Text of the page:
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Caught between empires

As long as it remains a US territory, Guam is bound to keep its status as the tip of America’s spear

By Michael Lujan Bevacqua

What does it mean to live in a place called the “tip of America’s spear?” This is something that Guam has been called frequently in recent decades, whether by politicians, military commanders or think tanks. It is a nickname defined by the strategic value of Guam to the United States.

If one imagines the U.S. as a warrior facing Asia, there is a long line of bases that extends west across the Pacific, almost like the shaft of a long weapon. Guam, as the westernmost U.S. base, is like the tip. Something brandished against potential threats on the continent.

Because of Guam’s location and its military value, we who call it home are used to both wars and rumors of wars. In recent years, there has been increasing tension in the region between the United States and its potential rivals, whether it be Russia, North Korea or China. As such, Guam appears in news reports, in strategic studies and in the speeches of admirals as something that the U.S. will use against others or as something that might be caught in the middle of any conflict.

Given these risks, these dangers, one might assume that issues such as decolonization, the changing of Guam’s political status to something more equitable, such as statehood, free association or statehood, might be untimely. This is something that the United States has argued in the past when the issue of Guam’s territorial status or the lack of rights for its people came up,. The response has at times been that, due to threats in the region, it is not the right time for any change to the political status quo.

The Fanohge Coalition, a diverse network of 40 community groups, non-profits, and small businesses, decided to address this question in a recent forum called “Caught Between Empires: A Push for Peace and Security in the Marianas.”

Formed following the Fanohge March for CHamoru Self-Determination in 2019, the coalition exists to educate the island community about the importance of protecting the rights of the Chamoru people and pushing for political status change for Guam.

To lead this conversation around security and peace in our region, the think tank, Pacific Center for Island Security or PCIS, was invited.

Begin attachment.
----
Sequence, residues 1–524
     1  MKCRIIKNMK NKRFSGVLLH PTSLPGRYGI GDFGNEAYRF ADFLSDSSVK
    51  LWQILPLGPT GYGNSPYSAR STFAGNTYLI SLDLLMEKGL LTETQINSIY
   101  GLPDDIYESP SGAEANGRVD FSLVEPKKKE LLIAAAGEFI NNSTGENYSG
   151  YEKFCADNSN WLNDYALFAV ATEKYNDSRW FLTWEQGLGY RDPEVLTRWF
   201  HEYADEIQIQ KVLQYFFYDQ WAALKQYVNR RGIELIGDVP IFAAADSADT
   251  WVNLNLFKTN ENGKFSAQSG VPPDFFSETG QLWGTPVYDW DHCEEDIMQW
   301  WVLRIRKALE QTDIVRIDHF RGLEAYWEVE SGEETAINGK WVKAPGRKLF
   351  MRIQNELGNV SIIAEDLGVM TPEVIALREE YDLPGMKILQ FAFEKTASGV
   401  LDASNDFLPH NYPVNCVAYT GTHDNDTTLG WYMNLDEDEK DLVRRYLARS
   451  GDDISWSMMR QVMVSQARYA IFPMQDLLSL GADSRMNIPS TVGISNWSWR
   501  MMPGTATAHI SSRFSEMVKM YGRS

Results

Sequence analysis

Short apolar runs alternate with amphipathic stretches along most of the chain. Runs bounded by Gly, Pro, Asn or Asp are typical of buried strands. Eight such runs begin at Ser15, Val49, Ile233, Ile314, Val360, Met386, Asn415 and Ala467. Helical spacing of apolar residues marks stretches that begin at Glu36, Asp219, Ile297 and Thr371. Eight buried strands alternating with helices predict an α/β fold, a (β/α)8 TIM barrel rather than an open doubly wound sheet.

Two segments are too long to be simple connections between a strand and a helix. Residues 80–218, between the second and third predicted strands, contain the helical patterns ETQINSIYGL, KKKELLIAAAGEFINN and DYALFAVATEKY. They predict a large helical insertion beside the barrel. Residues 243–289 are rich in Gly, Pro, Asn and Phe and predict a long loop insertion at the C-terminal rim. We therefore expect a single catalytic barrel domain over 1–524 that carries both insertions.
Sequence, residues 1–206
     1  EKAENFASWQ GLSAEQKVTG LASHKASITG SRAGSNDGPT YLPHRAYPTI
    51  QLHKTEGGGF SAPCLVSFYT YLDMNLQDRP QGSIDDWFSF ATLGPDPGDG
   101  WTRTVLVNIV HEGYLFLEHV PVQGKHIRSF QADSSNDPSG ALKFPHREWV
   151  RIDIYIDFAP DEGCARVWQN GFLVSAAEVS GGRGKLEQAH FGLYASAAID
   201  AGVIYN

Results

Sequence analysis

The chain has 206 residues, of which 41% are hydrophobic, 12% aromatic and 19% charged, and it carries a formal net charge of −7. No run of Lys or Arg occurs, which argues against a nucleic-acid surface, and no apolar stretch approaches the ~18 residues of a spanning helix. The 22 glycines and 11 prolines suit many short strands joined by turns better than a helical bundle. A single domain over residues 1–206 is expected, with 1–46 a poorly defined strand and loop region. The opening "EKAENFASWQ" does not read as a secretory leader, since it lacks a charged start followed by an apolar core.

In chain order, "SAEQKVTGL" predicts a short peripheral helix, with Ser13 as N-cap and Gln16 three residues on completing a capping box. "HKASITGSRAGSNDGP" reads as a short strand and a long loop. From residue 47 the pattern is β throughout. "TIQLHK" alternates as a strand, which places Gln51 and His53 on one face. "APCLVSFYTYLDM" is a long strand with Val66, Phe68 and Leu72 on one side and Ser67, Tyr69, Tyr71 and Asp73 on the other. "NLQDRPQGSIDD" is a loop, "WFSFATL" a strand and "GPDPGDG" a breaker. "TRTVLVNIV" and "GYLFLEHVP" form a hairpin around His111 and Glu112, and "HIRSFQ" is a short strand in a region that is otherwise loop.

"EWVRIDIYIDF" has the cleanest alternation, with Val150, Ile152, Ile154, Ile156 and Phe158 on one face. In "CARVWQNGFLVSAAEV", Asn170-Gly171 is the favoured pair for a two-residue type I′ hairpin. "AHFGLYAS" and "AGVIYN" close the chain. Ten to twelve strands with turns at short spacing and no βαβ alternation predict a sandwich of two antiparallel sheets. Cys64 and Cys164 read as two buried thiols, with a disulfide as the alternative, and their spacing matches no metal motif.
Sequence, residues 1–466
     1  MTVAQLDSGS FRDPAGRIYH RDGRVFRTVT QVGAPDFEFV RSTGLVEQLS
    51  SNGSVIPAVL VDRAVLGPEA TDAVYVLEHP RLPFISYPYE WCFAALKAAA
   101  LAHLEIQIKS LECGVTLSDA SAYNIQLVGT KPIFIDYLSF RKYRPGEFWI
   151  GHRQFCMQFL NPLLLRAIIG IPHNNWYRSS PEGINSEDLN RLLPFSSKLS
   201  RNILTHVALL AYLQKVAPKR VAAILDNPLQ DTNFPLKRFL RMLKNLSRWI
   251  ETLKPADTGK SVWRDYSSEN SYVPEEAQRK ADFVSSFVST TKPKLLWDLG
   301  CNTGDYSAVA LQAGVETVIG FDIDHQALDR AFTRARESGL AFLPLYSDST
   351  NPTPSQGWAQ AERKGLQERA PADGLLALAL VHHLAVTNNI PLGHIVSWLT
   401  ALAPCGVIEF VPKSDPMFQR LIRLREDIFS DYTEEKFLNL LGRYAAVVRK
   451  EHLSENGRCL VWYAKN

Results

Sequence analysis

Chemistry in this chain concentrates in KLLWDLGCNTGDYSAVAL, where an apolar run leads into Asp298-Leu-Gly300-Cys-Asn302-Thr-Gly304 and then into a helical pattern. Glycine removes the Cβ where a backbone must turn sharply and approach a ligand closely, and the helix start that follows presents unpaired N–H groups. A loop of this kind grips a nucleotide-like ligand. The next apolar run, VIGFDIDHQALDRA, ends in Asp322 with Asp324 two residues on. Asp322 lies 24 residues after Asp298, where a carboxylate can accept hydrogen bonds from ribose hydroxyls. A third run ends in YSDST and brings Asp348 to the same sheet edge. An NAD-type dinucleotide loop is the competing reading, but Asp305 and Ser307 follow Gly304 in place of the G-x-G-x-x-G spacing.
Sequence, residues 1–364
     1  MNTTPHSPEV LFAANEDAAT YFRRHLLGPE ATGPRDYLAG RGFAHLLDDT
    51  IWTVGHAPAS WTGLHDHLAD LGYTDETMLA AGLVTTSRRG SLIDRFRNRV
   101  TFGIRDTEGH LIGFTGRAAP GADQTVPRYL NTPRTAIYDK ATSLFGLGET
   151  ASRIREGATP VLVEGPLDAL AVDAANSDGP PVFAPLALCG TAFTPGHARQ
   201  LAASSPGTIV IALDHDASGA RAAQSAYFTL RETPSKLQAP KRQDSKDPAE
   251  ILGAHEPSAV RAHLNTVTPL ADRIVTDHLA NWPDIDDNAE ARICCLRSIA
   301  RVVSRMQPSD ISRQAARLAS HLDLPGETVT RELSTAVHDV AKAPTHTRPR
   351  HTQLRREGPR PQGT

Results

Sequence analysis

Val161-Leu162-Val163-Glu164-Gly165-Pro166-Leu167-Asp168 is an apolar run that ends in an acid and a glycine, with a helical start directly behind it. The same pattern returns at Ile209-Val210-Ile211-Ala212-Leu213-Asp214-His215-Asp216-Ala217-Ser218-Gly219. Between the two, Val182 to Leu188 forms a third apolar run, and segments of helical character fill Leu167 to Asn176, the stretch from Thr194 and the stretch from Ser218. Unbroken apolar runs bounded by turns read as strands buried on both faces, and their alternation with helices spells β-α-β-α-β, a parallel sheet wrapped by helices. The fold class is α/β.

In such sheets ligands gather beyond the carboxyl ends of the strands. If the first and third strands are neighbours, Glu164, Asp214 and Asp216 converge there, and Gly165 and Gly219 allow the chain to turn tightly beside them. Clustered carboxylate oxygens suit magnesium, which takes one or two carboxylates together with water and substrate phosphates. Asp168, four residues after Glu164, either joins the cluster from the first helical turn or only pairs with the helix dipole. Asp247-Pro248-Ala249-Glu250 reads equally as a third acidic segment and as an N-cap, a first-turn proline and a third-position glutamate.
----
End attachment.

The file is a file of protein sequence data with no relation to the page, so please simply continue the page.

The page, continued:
On May 12, more than 100 people gathered in the gallery at the Hilton Hotel as PCIS board members Dr. Robert Underwood, Dr. Ken Gofigan Kuper and Leland Bettis took questions offered by different groups within the Fanohge Coalition.

PCIS was formed in 2021 and is an action-orientated research institute that hopes to anchor island perspectives in the cacophony of geopolitical posturing in the Western Pacific. In the case of Guam, what this means is discussing things such as security for Guam, not through the mindset of Guam as a strategic asset or chess piece, a pawn on the board of competing interests, but rather to center Guam or other islands in the analysis.

Most strategic analyses of the situation in Asia are built on the notion of “security” as being something whereby Guam is used or lost in a conflict. This is because the conceptualization presupposes the security in question as being that of the United States’ or of China’s. But PCIS asks us to consider what security would look like for Guam, if we focused not on the diplomatic posturing of either country, but instead looked to the interests of Guam and those who call it home.


During the forum, Dr. Underwood responded to the question of changing Guam’s status given the potential conflicts in the region,. He argued that this is actually the perfect moment. Given the different competing powers around Guam and the military value to the U.S., there will likely never be a moment when Guam isn’t being pulled or pushed in one direction or another. Changing Guam’s political status to something where it is genuinely self-governing is important to make sure that, given the fluid and sometimes contentious reality around us, it is essential that we have some sort of seat at the tables where consequential decisions are being made.

Without the element of self-governance, Guam will continue to persist in the same reality dictated by its status as the tip of America’s spear. Where rather than like other countries in the Pacific who are using diplomacy and negotiating with countries like China or the U.S. in the name of their own interests, Guam’s future will be determined primarily by its military value.

In order to help get us to this point, Dr. Kuper offered a reminder that, even though Guam may want to be involved in these diplomatic talks and negotiations in our region, we may not be ready. He highlighted the need for Guam to train diplomats and others who can take up the interests of the island in regional, national and global conversations.

Both Kuper and Underwood pointed out that the development of a program to train negotiators or diplomats is something that will pay dividends regardless of whether Guam becomes independent, freely associated or a state. All will require that Guam be able to effectively assert its interests and be ready to contend with opposing parties who will be aggressively defending their own.

As Guam has been a territory for so long, we aren’t used to seeing the value or need for training individuals who can fight for Guam’s needs.

As a territory, most in Guam have become accustomed to simply accepting that whatever is good for America must also be good for Guam. Especially when it comes to issues of military and security, we may not be used to thinking for ourselves, but given the escalating dangers in the region around us, it is more essential than ever that we do.

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